Peter Sims is a best-selling coauthor, strategic adviser and keynote speaker specializing in leadership and innovation. He is the coauthor (with Bill George) of True North: Discover Your Authentic Leadership, the BusinessWeek and Wall Street Journal best-selling book that New York Times called “one of the most important books on leadership to come along in years.”
Peter was kind enough to participate in our “In the Spotlight” interview series recently and he shared some enlightening insights on the True North book, authentic leadership, and his current work on the subject of leading innovation.
TSG: How did you and Bill George connect for True North?
Peter Sims: I met Bill after he gave a great speech at Stanford Business School. We got to know each other much better in the months that followed because he was starting a course on leadership at Harvard Business School that was very similar to a course I was establishing at Stanford with a group of classmates called “Leadership Perspectives.” Although we were not successful in luring Bill to teach at Stanford, he and I would speak once a week or so to trade ideas, insights, or best practices and, before long, we were collaborating on True North.
TSG: What was the experience of creating True North?
Peter Sims: I loved it – I have never learned so much, so quickly. I was initially drawn to the book in part because we could pick up where Jim Collins left off in Good to Great – how do individuals go from good to great leaders, or “authentic leaders”? Bill describes authentic leaders as those who stick to their values and lead with purpose to empower others, similar to Collins’ Level 5 leaders. Our research team conducted 125 one-on-one, in-person interviews, out of which I did about 50, including with Howard Schultz of Starbucks, long-time presidential advisor David Gergen, Charles Schwab, eBay CEO John Donahoe, and Donna Dubinsky. The interviewees did not know what they were going to be asked in advance, but we learned that, without exception, they believed they were more effective as leaders when they were authentic.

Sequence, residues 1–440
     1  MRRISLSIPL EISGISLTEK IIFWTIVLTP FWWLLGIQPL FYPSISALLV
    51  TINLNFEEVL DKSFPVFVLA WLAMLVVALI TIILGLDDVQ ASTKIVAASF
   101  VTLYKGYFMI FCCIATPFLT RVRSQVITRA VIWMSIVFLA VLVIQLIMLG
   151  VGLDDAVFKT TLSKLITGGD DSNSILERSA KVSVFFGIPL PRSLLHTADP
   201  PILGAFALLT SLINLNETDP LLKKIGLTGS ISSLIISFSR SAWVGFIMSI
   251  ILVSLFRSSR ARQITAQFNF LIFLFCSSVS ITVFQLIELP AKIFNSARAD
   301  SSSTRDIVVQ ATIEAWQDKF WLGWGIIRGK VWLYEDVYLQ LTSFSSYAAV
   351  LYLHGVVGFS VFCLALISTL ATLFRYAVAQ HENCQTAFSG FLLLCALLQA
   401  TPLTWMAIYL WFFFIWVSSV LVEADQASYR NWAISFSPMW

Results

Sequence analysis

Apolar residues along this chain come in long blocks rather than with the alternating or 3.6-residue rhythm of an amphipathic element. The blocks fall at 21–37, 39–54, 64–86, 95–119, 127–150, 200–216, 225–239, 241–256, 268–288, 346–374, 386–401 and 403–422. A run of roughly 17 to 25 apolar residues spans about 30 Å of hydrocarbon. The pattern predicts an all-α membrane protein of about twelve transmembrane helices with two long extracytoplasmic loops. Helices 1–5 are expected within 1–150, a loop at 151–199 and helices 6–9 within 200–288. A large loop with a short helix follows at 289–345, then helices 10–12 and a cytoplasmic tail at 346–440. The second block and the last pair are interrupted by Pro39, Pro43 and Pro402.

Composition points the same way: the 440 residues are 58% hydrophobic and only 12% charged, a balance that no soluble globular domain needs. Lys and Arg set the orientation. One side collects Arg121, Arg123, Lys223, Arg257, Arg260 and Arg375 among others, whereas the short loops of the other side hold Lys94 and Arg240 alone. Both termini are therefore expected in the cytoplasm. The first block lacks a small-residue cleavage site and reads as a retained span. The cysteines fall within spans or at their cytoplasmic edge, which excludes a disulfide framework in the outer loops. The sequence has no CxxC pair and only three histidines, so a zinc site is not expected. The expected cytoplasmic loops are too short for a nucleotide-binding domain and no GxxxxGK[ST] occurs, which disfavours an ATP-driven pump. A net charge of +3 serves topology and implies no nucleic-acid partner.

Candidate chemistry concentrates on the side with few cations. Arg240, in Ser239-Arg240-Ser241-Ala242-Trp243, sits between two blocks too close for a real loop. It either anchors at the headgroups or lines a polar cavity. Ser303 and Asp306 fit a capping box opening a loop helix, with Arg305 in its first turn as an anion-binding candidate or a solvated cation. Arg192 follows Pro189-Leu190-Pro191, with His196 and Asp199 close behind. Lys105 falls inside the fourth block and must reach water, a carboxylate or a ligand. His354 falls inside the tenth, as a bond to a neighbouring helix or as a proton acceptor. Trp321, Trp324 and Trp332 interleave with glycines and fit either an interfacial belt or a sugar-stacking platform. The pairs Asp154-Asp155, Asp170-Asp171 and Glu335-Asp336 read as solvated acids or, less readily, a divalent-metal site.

Much of the critical acclaim for True North has come from the fact that the book is based on revealing and oftentimes eye-opening research about the influences, experiences, and concrete development tactics that shape leaders. I use those lessons and insights everyday – the hardest part was determining the most important and relevant ones for the book.
TSG: Is there a particular story that you heard from an executive that you find yourself still thinking about today?
Peter Sims: John Donahoe, a great leader, summarized what we learned best, “It’s a process, not a destination.” He described how he grew through each stage of his career. Starting in his first job, he felt he had the world at his finger-tips – he didn’t know what he didn’t know. Soon, he had to begin to learn how to balance values tradeoffs between his personal and professional life and even signed a pledge to his wife on the back of a bank receipt, “I will not lead the life of a typical management consultant.” Then, in his 30s, mentors helped John understand how to overcome a fear of failure. He also experienced difficult setbacks or “crucibles” that helped him to develop perspective and self-awareness – to be more comfortable in his own skin. Lastly, he has refined his own effective leadership style, in which he has become a great leader and developer of people (which I know from speaking with those who work for him). He does all this while being the same person at home as he is at work, something that is not easy for anyone to achieve, and he shared a number of helpful tactics about how he does it. Getting there is indeed a process and everyone is at a different stage of their growth.